W3C home > Mailing lists > Public > public-rdf-wg@w3.org > August 2011

Re: [Turtle] About slashes in prefixed refrences, not about escaping

From: Richard Cyganiak <richard@cyganiak.de>
Date: Fri, 19 Aug 2011 14:53:06 +0100
Cc: RDF-WG WG <public-rdf-wg@w3.org>
Message-Id: <367A281F-2129-49D4-A949-5D119ABECFA4@cyganiak.de>
To: Gavin Carothers <gavin@topquadrant.com>
On 19 Aug 2011, at 04:50, Gavin Carothers wrote:
> The design goal for prefixed names clearly has been to make it more
> convenient to write down long URIs. For example lets say you wanted to
> write down some triples about the W3C website, say the standards
> section.
> You might start by writing down:
> @prefix standards: <http://www.w3.org/standards/>
> You'd be a bit annoyed when you got to each section, xml, webarch,
> semanticweb, etc, and discovered that you needed to create a new
> prefix for EVERY path segment.

There's nothing wrong with writing out full absolute URIs. It's what everyone has been doing for 20 years when creating hyperlinks in HTML.

Your argument is that this is too long:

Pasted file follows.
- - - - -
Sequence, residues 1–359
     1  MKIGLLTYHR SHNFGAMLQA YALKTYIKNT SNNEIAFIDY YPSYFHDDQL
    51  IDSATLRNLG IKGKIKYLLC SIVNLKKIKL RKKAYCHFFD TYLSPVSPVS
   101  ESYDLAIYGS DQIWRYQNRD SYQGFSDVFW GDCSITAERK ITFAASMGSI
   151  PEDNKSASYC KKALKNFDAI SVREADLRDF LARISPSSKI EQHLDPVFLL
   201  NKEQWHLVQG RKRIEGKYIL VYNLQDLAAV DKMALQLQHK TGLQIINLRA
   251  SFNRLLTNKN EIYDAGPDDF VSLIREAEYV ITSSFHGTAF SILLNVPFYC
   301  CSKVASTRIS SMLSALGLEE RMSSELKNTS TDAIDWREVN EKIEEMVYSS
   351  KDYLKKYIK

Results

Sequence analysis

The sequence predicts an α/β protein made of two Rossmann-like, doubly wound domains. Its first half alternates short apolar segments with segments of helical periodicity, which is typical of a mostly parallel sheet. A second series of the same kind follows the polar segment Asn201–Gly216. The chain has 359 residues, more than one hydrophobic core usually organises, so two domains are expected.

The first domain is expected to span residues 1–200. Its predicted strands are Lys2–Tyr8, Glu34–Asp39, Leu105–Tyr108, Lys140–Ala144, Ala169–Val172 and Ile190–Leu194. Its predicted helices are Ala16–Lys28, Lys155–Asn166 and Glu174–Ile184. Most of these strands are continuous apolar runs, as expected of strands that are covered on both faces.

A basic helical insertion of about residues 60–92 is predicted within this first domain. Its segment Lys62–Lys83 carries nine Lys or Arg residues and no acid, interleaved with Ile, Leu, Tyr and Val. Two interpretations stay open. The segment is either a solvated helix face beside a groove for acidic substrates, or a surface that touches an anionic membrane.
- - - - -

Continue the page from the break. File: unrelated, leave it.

And it would be so much nicer if you could write:


But tell me, when exactly would you choose one option over the other? Would you never write the former? Or only if there's more than one use for the w3c: prefix in the document? More than two? Is it really that much harder to just write out the full URI?

I feel that you're proposing to introduce a new syntactic feature (CURIEs) that overlaps very much with an existing syntax (bracketed URIs), to the point where it becomes unclear when to use which. It adds syntactic variation with very little benefit.

That's exactly the path of featuritis that doomed RDF/XML. Remember how in RDF/XML, ID="foo" is syntactic sugar for about="#foo". The result is tons of newbie questions and bug reports where they say, I want it to output ID="foo" but instead it writes about="#foo", I don't understand what I'm doing wrong, my code looks like it should work fine, how can I make it write the right thing?

I expect the same kind of stuff to happen for Turtle if you get your way with this feature.

> With everyone trying to use URIs with
> rest principles to build websites and APIs it seems odd that we should
> be standardizing Turtle in such a way that it makes it hard to use
> well designed URIs.

It doesn't make it harder. It just removes one possibility for making it shorter. A possibility that HTML never had, and it seems to be doing just fine.

> The obvious reason not to change Turtle's design here is that Turtle
> is a well settled format. The same goes for SPARQL as well, (also not
> our WG). So is it worth changing Turtle and possibly being less in
> agreement with SPARQL?


Received on Friday, 19 August 2011 13:53:44 UTC

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